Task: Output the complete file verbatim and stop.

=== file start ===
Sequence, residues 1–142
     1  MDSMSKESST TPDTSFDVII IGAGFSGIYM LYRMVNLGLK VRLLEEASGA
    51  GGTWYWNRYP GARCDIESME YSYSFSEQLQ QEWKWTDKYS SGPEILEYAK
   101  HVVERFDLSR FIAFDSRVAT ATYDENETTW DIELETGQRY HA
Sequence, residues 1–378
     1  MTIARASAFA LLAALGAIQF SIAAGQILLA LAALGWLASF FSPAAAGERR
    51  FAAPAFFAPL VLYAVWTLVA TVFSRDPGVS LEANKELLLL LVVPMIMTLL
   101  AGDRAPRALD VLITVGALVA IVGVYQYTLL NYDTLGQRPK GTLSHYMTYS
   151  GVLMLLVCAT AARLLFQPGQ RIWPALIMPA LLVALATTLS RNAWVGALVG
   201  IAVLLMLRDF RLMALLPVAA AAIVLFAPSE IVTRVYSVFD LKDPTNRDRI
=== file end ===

Sequence, residues 1–142
     1  MDSMSKESST TPDTSFDVII IGAGFSGIYM LYRMVNLGLK VRLLEEASGA
    51  GGTWYWNRYP GARCDIESME YSYSFSEQLQ QEWKWTDKYS SGPEILEYAK
   101  HVVERFDLSR FIAFDSRVAT ATYDENETTW DIELETGQRY HA
Sequence, residues 1–378
     1  MTIARASAFA LLAALGAIQF SIAAGQILLA LAALGWLASF FSPAAAGERR
    51  FAAPAFFAPL VLYAVWTLVA TVFSRDPGVS LEANKELLLL LVVPMIMTLL
   101  AGDRAPRALD VLITVGALVA IVGVYQYTLL NYDTLGQRPK GTLSHYMTYS
   151  GVLMLLVCAT AARLLFQPGQ RIWPALIMPA LLVALATTLS RNAWVGALVG
   201  IAVLLMLRDF RLMALLPVAA AAIVLFAPSE IVTRVYSVFD LKDPTNRDRI